The Eagles are about to play the most important game of the season, against a bitter rival, and they’re going into it with a bunch of young and inexperienced skill position players.
They have no choice.
“Throw them out there, man. Seriously,” head coach Doug Pederson said. “Throw them out there. That’s the only way. You can’t go back to Alshon or Nelly at this point, DeSean, you gotta put them out there, right? And they kind of grow up in a hurry.”
Aside from Zach Ertz and Dallas Goedert, who is just finishing his second season, think about the rest of the Eagles’ skill position guys heading into Sunday’s do-or-die game.
Miles Sanders: He’s been a revelation recently and is the Eagles’ most explosive offensive player. But he’s still a rookie.
Boston Scott: Scott, in his second NFL season, was on the roster for the playoff run last year, but he played just three total offensive snaps in the playoffs.
JJ Arcega-Whiteside: He played more snaps than any other skill guy last week, but he hasn’t had a very productive rookie season.
Greg Ward: He’s been around the NFL since 2017 but has played his first five NFL games this year. And now he’s the Eagles’ most productive receiver.
Robert Davis: Like Ward, Davis has played just five career games. He has never played this late in the year.
Josh Perkins: Believe it or not, Perkins actually has the most big-game experience of this group. But it came in his rookie year with Atlanta back in 2016, when he played sparingly in that playoff run.
“They might be young, but they don't feel young,” Pederson said. “They don't want to consider themselves as young. They are veteran players and that's a credit to them and nothing's too big for them right now.”
Sanders leads the Eagles in yards from scrimmage and took down the Eagles’ rookie record last week. He’s also been the Eagles’ most explosive player for most of this season.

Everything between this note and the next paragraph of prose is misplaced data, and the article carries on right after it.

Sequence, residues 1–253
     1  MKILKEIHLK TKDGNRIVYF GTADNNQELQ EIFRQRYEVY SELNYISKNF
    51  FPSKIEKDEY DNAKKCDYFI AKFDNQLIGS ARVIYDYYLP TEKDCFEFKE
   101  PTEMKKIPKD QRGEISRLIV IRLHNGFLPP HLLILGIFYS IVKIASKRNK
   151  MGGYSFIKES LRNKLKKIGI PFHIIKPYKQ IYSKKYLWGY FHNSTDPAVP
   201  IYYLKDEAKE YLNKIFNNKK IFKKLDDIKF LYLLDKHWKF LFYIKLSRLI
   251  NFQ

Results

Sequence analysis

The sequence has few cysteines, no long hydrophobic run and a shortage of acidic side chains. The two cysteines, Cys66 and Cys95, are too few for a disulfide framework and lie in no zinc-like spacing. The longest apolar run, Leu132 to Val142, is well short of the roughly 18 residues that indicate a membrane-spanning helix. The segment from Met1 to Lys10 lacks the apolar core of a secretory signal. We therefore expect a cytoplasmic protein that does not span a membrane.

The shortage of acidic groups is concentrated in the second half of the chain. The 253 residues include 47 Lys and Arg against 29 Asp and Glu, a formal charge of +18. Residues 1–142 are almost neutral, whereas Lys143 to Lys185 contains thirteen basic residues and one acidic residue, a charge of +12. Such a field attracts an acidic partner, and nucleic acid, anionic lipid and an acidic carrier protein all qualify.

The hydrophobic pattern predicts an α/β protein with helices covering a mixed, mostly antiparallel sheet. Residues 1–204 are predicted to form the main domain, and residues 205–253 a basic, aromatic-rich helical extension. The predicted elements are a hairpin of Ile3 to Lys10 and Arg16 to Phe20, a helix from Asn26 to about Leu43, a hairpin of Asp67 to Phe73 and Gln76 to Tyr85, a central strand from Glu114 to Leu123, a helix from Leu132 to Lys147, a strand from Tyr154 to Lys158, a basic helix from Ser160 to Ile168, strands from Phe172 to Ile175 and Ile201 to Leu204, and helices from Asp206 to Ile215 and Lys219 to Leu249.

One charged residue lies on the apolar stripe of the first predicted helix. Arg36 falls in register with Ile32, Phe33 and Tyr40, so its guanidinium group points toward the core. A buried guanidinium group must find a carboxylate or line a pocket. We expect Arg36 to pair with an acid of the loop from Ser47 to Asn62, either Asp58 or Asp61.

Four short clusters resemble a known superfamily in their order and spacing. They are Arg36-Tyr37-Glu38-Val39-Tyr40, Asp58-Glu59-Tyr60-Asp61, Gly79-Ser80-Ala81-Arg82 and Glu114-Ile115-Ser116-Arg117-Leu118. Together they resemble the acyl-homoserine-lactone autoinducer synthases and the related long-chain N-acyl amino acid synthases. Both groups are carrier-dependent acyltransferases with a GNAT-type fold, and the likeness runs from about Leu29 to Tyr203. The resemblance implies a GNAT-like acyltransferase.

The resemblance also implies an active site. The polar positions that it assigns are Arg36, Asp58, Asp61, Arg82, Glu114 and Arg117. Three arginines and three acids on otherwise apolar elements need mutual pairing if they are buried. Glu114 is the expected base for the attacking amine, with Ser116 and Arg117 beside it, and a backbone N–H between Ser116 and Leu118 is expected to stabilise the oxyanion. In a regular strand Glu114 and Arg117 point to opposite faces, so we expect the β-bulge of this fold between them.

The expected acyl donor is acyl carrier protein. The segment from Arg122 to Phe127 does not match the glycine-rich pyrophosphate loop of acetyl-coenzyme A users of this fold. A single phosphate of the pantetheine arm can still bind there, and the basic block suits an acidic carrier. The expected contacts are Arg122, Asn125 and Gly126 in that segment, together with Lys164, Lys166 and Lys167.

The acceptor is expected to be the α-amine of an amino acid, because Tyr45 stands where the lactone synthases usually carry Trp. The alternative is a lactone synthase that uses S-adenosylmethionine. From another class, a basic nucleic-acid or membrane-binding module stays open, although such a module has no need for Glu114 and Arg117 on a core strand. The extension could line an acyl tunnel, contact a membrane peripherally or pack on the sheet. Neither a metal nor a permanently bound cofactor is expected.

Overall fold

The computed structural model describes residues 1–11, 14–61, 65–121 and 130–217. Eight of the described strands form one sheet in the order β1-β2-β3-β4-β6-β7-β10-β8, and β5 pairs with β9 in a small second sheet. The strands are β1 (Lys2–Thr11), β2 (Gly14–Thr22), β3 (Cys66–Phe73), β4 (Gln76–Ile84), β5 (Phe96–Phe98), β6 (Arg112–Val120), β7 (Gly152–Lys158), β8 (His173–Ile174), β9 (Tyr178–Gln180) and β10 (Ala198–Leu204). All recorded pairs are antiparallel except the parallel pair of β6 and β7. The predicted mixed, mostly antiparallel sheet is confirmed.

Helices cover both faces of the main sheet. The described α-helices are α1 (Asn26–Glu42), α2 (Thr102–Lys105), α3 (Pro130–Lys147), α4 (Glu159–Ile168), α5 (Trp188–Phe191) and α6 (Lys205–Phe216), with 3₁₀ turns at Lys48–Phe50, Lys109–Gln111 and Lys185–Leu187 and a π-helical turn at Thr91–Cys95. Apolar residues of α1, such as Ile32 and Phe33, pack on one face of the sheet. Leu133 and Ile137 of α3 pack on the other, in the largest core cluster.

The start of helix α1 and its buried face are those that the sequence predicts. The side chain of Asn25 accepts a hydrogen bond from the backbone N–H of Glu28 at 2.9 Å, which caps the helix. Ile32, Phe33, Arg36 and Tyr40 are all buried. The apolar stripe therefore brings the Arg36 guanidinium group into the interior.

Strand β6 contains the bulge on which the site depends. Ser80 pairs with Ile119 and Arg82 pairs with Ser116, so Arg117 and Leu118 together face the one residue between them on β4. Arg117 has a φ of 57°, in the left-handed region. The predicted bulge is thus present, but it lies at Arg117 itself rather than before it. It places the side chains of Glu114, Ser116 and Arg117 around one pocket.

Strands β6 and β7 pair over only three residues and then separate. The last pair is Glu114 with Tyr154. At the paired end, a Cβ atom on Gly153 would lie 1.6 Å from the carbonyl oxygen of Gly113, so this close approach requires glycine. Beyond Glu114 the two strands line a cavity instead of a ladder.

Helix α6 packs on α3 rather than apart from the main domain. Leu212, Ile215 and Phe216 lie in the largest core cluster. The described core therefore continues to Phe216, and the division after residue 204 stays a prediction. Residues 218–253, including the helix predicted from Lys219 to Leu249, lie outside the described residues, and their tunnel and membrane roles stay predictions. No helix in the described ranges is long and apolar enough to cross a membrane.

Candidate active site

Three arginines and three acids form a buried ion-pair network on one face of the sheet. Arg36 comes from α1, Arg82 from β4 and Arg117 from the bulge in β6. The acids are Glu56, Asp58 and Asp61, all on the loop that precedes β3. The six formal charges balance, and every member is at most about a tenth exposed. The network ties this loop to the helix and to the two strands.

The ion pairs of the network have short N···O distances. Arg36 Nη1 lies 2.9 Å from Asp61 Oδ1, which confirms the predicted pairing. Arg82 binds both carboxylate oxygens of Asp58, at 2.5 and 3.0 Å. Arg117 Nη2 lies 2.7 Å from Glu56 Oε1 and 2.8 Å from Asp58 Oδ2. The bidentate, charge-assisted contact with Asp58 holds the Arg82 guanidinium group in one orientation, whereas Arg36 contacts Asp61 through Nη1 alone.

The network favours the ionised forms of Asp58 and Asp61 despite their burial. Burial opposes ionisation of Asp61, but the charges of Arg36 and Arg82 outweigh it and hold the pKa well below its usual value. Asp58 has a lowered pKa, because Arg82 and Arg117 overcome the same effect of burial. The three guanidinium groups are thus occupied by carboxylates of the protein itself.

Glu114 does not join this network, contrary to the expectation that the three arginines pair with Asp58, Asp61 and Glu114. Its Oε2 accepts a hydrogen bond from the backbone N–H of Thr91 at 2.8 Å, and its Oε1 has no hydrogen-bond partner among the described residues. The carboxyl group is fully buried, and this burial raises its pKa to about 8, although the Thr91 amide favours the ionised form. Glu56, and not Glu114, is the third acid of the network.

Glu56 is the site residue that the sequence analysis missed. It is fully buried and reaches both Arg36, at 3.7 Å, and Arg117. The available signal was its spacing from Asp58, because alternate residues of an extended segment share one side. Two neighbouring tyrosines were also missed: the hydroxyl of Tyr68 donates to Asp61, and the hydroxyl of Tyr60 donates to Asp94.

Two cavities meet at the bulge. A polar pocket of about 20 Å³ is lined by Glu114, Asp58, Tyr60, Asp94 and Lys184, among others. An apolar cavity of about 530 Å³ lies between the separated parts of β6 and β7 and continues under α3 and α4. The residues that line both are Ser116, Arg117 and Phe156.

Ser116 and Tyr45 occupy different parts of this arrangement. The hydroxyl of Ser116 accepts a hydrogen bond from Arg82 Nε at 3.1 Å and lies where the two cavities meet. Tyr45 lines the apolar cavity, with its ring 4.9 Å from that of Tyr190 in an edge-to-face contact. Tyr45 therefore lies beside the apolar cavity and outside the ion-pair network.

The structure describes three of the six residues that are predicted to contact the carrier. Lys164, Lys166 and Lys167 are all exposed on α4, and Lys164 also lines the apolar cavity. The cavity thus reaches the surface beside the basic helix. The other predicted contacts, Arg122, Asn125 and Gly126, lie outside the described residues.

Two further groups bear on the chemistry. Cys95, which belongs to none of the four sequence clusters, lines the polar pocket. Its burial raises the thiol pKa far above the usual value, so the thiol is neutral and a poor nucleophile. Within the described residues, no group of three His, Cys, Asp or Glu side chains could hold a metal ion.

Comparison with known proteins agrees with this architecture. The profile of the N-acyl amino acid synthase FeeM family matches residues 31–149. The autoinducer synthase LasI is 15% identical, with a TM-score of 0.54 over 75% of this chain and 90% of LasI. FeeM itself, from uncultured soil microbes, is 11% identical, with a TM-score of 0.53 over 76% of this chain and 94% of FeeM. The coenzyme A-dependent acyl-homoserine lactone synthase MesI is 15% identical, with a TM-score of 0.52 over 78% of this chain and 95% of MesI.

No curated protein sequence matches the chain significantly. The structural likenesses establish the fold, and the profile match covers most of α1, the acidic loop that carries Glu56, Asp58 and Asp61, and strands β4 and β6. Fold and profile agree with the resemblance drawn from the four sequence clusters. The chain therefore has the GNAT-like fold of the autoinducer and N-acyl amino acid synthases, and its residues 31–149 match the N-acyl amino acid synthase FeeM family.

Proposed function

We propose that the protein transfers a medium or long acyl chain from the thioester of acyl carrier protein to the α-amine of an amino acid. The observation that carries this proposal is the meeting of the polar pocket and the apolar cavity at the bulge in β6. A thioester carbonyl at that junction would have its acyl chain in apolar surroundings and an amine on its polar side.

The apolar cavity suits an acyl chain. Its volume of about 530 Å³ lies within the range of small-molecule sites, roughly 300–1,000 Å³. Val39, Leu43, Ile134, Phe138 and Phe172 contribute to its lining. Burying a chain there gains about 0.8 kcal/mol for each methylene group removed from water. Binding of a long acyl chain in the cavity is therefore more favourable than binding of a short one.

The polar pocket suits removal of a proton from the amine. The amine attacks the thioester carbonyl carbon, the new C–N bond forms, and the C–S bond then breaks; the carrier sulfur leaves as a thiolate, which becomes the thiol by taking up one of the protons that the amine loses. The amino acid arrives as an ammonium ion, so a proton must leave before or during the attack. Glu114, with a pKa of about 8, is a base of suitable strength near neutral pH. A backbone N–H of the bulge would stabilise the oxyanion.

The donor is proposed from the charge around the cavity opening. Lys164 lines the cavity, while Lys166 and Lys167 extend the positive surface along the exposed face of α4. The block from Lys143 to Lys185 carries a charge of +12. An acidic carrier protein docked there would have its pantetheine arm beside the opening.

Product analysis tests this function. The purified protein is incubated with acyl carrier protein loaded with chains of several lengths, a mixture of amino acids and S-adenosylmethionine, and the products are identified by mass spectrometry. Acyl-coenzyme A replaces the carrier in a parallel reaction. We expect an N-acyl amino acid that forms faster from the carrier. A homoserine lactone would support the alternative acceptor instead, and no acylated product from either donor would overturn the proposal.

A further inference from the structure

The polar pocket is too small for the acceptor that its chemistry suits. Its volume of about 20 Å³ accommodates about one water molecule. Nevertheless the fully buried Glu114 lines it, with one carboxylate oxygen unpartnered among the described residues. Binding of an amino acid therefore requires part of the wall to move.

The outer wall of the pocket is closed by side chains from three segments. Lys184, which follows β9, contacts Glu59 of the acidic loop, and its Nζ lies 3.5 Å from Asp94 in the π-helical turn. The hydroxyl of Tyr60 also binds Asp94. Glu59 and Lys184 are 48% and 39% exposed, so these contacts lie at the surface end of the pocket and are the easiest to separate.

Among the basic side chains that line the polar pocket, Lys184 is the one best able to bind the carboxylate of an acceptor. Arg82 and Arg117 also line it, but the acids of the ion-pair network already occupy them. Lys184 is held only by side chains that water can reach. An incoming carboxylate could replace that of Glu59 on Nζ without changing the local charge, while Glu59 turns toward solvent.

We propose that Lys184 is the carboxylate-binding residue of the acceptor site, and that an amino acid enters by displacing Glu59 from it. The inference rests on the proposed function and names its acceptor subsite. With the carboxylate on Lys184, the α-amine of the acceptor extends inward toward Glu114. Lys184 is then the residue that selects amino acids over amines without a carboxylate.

But Sanders still feels like a rookie. His teammates and coaches make sure of that. He still has to fulfill his rookie duties, which means getting his veteran teammates food and making sure the meeting rooms are stocked with snacks.
“It’s all year,” Sanders said. “I think the way Duce (Staley) does it, you do the rookie season and then an extra three games the next year and then after that, you’re done being a rookie.”
These guys are young but they understand the stakes in this game. That can’t overwhelm them.
Scott insists the key is for him and the other young guys to focus on the task at hand. That means worry about each day of practice at a time and then when the game comes, worry about each play at a time. You know, all that clichéd stuff that’s repeated for good reason.
“It’s something we’ve done our whole lives,” Davis said. “We’ve been through big games in college, high school. It’s not anything guys aren’t used to. Big games are big games. You approach them the same way.”
Some of these players have played in big-time college football games. Sanders said playing in front of 100,000 people at Beaver Stadium prepared him for the atmosphere they’ll see on Sunday against the Cowboys.
But this is different. This is the NFL with a ton on the line.
Goedert, in Year 2, was in the same position as a lot of these guys last year. He claims he never got overwhelmed because he was able to tell himself those playoff matchups were just like any other games … even if he knew they weren’t.
And in two years, he’s already realizing how special these moments truly are.
“It’s cool this time of year to have something to play for,” Goedert said. “There’s a lot of teams … even, shoot. Talking to a few players on the Redskins, they were like, ‘you know, just ready to get out of here. We ain’t got nothing.’ For us, we got the division on the line, all that. Anytime you’re playing for something this time of the year, it just makes it that much better.”
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